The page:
When my coworker came to work that afternoon she told me this crazy story of how a couple of dumb fuck hillbillies threw a dog out of a moving truck, how her and her kids brought the dog inside, and how they were slowly trying to nurse her back to health. She had a vet friend come over and she said, aside from the terrible thing she had been through, she was going to be fine.
Later that week I took an hour long drive out to my coworkers house to see this magic dog that survived what appeared to be dog fights, abuse, giving birth, being ripped away from her puppies and being thrown out of a truck. It was Maggie and she was magic. She was a god damned magic trick. As soon as we entered the house, her tail-wagging stupid butt came sashaying up to me. She just wanted some love. So, I decided to try to give her some. I borrowed a blanket, loaded Maggie into the back of my mom’s Honda CRV and we left the country.
She looked pretty gnarly those first couple days, there was no reason why someone wouldn’t be hesitant to be around her. She looks like she’d seen some shit. We cleaned her up, took her to the vet, got her a collar, gave her a blanket, made her part of the family. During those first nights with her she would go around the house collecting stuffed animals and put them on the bed, she’d curl up to me with them all around her. I think in order to help her feel safe, she made me feel safe.
A couple of months later she sat shotgun when we moved to Boston to be with my girlfriend, Keri. Maggie was Keri’s first dog, she was really hesitant about it. I don’t blame her. But like most people, she learned that Maggie was a magic dog. She was happy if you were happy. She made you feel… good, she made you feel loved, she smelled like Cheetos. It was beautiful.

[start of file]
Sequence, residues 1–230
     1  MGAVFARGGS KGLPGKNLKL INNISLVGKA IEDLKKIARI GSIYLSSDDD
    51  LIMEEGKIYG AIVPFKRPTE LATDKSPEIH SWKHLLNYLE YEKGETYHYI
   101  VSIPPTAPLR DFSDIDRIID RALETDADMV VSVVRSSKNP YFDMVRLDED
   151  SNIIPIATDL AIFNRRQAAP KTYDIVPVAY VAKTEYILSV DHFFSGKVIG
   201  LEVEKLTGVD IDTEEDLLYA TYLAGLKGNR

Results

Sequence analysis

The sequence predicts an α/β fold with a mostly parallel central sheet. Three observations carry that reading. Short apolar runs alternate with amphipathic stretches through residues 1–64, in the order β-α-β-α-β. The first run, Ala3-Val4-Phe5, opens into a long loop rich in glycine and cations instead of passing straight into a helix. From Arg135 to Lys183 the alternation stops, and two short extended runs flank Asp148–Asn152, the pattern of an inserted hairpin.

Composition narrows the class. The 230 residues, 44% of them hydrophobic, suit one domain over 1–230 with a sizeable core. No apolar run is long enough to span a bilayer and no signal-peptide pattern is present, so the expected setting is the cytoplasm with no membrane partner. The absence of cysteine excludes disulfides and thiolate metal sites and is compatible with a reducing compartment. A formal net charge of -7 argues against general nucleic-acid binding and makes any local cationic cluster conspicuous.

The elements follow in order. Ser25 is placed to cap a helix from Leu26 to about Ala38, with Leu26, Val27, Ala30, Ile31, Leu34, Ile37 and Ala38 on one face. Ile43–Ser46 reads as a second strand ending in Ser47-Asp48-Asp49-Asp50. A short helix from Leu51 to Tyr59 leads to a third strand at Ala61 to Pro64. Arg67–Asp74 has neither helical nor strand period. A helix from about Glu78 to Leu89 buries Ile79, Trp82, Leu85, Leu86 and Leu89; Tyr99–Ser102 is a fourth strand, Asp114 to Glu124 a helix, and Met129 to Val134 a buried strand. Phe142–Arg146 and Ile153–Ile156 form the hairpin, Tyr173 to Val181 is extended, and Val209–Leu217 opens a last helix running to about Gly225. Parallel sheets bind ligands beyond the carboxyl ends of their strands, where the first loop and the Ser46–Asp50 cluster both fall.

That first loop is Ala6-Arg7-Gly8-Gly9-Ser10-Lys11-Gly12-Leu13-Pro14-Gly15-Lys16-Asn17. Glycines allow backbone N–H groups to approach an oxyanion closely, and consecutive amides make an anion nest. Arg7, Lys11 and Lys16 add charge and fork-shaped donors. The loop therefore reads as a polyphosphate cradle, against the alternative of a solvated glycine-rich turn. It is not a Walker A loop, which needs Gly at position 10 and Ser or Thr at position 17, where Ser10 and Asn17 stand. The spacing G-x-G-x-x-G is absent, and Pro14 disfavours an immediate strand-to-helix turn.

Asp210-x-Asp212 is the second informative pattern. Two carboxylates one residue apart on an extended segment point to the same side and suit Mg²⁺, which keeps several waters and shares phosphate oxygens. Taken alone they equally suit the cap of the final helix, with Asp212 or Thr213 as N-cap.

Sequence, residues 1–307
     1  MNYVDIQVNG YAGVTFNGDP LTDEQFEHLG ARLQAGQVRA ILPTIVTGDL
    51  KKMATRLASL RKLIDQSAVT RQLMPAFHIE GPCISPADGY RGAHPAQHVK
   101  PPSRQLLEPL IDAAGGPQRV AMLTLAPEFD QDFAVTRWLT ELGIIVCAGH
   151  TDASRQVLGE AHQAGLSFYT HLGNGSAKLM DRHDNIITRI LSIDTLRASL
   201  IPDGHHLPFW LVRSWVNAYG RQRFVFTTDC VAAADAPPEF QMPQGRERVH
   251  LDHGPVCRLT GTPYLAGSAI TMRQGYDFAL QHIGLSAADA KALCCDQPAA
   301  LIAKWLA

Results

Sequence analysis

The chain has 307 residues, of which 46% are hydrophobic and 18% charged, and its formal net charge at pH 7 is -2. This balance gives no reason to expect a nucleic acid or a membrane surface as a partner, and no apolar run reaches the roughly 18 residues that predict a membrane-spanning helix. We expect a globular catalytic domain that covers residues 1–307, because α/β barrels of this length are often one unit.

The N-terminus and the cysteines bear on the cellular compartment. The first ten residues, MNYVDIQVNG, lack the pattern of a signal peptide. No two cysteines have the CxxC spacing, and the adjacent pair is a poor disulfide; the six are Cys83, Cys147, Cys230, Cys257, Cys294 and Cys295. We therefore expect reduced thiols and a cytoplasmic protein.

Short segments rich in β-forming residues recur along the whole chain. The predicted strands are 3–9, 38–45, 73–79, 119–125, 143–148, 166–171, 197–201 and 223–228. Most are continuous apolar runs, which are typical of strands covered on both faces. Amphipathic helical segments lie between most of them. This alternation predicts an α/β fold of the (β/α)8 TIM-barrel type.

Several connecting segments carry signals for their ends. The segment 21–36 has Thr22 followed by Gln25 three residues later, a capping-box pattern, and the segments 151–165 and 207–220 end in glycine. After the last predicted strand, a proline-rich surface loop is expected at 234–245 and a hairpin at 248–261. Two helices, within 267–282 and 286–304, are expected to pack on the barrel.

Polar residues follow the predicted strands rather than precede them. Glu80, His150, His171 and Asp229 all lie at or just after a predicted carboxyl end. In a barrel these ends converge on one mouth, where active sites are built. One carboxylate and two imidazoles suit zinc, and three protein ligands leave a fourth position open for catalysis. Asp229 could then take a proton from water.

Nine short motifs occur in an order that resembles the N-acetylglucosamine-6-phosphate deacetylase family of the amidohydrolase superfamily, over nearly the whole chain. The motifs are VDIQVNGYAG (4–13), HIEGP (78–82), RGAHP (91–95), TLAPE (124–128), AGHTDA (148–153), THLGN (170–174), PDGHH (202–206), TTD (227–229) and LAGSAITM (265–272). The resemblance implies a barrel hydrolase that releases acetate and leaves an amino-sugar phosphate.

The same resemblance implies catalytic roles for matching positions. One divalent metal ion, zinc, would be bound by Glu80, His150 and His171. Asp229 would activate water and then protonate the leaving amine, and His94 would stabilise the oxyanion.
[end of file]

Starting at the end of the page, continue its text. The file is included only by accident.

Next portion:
Smash cut to yesterday. I’m Facebook interviewing potential homes for Maggie and I realize that I need to be selfish. Keri and I talk and both realize that we were momentarily brain dead. I pull the post off of Facebook and regret the past week of my life.
What can I do?
I can do the one thing that Maggie has taught me to do. I survive. So she can’t be in the room anymore; we'll all survive. I can’t cuddle up with her on the couch; I’ll eat a Claritin and survive. I’ll clean my house more often, I’ll give her baths more often, I’ll be with her outside more often. I’ll become a yuppie asshole and get a dog sitter to come see her during the day. It will be a lot of time, a big commitment. But we owe that to her.
I hope she doesn’t remember any of her life before, those men, that truck. And even though we won’t be sleeping the same bed anymore, and even though we came so close to losing her I hope she knows how much she means to me (to us).
I know there are people out there who need to re-home their dogs. I feel for them. I cannot imagine what that feels like. I am not judging them at all. We’re all just doing the best we can - except for the truck guys, they can go suck a muffler.
I’m happy to say that I was wrong about re-homing her. I'll even apologize to everyone I lied to over the past week. I was stupid. Maggie and I have many more years of running around, and playing, and napping and one of us picking up the other’s shit. I’m thankful for that little shit. Alright, we’ll talk later.